Well We\’re Movin\ On Up

Have you ever wondered what would happen if a ‘Cinemax After Dark’ special, a James Bond movie, the Guy On Hollywood Boulevard Whose Whole Body Is Covered In Gold Paint, and the gnawing emptiness of late-stage capitalism screwed in the backseat of a very high-end car and then gave birth to a three-minute Red Band trailer for, um, a house? Well, WONDER NO MORE, for this has happened {NSFW}:

Yes, the above is a “trailer” for Opus, a $100 million “state of the art dream home” currently for sale in Los Angeles. We “wanted to do something really high art,” a spokesperson for the home told LAist in reference to the short film. The house has Roberto Cavalli flooring, a 15-seat curved screen theater with JBL Synthesis Audio, two massive bars—one of which has a “Winestation” that preserves and dispenses glasses with the exact amount and temperature desired—a gourmet show kitchen with an iPad-controlled coffee machine, Longhi doors in suede and embossed leather, and a separate catering/event kitchen.

It make sense; Who in their right mind would even consider buying a house without it’s own introductory film? 1

Well We're Movin' On Up

Show 1 footnote

  1. This is just to over the top; expect to see Craig’s List knockoff films soon. Finally! We’ll have something with which to replace that damned Hitler-clip meme.

Inequality

(…)Oxfam International is raising such questions at the World Economic Forum at Davos, where the global elite gather to talk of big ideas and big money. Oxfam executive director, Winnie Byanyima, is arguing that this increasing concentration of wealth since the recession is “bad for growth and bad for governance”. What’s more, inequality is bad not just for the poor, but for the rich too. That’s why we have the likes of the IMF’s Christine Lagarde kicking off with warnings about rising inequality. Visceral inequality from foodbanks to empty luxury flats is still seen as somehow being in the eye of the beholder by the right – a narrative in which poverty is seen as an innate moral failure of the poor themselves has taken hold. This in turn sustains the idea that rich people deserve their incredible riches. Most wealth, though, is not earned: huge assets, often inherited, simply get bigger not because the individuals who own them are super talented, but because structures are in place to ensure this happens…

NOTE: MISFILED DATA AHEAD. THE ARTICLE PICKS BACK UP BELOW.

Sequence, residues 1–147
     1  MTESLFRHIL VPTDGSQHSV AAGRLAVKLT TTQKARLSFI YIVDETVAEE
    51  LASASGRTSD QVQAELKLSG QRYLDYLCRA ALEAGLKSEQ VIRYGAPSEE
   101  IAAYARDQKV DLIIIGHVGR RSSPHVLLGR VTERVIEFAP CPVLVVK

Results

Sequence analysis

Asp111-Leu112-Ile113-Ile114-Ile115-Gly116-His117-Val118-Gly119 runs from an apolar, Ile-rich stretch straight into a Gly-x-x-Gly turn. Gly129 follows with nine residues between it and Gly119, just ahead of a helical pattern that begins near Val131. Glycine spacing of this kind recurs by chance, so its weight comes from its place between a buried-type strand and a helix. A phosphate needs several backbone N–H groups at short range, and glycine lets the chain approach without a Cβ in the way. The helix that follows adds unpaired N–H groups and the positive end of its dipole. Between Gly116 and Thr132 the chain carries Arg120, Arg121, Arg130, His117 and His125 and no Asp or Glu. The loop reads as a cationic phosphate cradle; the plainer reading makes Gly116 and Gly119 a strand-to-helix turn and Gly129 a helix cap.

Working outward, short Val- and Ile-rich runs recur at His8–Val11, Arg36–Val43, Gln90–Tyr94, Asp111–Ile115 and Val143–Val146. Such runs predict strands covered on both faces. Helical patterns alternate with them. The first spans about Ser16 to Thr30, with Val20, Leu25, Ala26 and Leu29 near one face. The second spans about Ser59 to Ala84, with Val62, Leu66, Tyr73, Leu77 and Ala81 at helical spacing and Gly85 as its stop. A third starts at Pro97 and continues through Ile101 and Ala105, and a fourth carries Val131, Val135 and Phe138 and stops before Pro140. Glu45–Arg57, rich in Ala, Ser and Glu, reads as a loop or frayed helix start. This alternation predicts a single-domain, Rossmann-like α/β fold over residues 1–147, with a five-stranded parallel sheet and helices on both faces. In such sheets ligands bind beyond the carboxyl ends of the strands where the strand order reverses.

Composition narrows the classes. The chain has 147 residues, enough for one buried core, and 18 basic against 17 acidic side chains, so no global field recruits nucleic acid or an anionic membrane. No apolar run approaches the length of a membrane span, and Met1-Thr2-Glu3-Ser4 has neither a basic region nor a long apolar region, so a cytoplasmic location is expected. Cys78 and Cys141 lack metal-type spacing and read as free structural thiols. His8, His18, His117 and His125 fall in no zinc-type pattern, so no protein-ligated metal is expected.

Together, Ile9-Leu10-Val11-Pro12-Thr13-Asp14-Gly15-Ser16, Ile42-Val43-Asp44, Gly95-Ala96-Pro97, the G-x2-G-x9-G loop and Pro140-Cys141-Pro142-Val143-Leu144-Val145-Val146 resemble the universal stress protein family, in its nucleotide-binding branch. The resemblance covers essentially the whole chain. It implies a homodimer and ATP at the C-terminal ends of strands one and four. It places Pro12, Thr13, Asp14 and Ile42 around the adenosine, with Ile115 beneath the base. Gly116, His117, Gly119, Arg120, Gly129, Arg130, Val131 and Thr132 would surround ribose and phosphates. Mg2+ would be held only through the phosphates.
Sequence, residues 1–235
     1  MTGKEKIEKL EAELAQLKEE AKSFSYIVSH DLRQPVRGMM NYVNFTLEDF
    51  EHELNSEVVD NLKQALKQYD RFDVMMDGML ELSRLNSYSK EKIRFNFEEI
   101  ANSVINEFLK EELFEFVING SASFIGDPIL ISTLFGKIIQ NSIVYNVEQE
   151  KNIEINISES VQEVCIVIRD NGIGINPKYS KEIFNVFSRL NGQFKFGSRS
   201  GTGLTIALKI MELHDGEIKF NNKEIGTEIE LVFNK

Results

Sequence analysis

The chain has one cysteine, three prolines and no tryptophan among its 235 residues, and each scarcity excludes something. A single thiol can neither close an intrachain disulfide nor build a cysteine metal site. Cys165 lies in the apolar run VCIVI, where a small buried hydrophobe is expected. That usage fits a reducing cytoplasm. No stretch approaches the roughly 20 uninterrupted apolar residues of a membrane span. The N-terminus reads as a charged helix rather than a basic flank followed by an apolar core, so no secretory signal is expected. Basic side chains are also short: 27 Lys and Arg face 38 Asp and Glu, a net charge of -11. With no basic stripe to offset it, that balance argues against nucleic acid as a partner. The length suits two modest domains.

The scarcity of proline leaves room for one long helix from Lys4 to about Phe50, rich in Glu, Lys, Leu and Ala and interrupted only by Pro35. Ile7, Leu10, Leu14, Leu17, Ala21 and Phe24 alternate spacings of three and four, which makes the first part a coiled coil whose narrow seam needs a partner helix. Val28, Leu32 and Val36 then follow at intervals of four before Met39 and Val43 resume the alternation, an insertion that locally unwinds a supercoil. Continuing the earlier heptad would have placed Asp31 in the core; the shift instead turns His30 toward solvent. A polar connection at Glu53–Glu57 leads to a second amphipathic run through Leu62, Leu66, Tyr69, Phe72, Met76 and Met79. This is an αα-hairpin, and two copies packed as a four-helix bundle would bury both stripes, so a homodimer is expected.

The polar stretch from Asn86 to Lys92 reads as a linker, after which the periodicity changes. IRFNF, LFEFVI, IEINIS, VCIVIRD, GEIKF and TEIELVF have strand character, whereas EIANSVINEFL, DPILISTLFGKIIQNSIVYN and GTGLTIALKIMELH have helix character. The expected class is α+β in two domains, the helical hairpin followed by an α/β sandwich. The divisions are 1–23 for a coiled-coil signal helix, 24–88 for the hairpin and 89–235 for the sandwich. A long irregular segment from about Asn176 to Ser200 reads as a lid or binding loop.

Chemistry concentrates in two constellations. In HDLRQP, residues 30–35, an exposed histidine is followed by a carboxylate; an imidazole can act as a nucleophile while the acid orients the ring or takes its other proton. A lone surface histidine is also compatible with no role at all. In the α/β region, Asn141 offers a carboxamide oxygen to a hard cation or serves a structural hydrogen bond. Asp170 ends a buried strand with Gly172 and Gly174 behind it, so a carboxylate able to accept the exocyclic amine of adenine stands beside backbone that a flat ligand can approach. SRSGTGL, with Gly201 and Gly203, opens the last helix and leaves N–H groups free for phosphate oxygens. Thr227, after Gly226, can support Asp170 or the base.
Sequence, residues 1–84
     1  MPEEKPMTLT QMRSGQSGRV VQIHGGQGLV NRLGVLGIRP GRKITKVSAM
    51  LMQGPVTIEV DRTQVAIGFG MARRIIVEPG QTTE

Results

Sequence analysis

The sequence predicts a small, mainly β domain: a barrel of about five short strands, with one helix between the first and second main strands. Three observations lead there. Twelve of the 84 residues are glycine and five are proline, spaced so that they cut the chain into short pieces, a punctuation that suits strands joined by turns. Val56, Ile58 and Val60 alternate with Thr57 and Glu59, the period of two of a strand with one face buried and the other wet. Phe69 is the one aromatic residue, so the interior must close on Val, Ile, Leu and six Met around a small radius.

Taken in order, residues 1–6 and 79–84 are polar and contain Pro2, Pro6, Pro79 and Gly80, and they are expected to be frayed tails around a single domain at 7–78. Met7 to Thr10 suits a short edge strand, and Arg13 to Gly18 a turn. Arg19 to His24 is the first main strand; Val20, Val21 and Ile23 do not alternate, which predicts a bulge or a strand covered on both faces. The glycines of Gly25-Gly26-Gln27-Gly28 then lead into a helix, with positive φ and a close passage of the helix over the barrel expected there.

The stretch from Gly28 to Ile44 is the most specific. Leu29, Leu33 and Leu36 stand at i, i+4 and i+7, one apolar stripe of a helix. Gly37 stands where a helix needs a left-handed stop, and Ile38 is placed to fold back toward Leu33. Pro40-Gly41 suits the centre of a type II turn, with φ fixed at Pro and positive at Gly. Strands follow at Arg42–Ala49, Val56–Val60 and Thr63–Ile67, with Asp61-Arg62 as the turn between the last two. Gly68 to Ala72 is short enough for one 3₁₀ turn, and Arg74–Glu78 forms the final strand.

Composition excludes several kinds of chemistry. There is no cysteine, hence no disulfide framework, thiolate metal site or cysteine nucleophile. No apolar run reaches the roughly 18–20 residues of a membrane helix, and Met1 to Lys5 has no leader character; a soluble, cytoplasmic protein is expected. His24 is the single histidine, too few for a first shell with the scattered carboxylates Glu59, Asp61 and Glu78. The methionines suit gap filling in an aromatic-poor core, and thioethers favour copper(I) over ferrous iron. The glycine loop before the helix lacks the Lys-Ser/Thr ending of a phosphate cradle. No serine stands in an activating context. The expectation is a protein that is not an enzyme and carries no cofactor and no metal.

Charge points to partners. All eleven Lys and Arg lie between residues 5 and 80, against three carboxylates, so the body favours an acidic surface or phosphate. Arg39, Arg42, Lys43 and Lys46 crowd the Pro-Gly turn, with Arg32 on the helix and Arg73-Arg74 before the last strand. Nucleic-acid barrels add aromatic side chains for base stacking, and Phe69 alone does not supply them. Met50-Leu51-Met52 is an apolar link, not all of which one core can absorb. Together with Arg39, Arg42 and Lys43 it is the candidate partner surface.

The rich, via lobbyists and Byzantine tax arrangements, actively work to stop redistribution. Inequality is not inevitable, it’s engineered. Many mainstream economists do not question the degree of this engineering, even when it is highly dubious. This level of acceptance among economists of inequality as merely an unfortunate byproduct of growth, alongside their failure to predict the crash, has worryingly not affected their cult status among blinkered admirers…

When we talk of neoliberalism, we are talking about something that has fuelled inequality and enabled the 1%. All it means is a stage of capitalism in which the financial markets were deregulated, public services privatised, welfare systems run down, laws to protect working people dismantled, and unions cast as the enemy.

Inequality

Greater Worker Insecurity

The idea is to divide society into two groups. One group is sometimes called the “plutonomy” (a term used by Citibank when they were advising their investors on where to invest their funds), the top sector of wealth, globally but concentrated mostly in places like the United States. The other group, the rest of the population, is a “precariat,” living a precarious existence.

This idea is sometimes made quite overt. So when Alan Greenspan was testifying before Congress in 1997 on the marvels of the economy he was running, he said straight out that one of the bases for its economic success was imposing what he called “greater worker insecurity.” If workers are more insecure, that’s very “healthy” for the society, because if workers are insecure they won’t ask for wages, they won’t go on strike, they won’t call for benefits; they’ll serve the masters gladly and passively. And that’s optimal for corporations’ economic health.

Noam Chomsky

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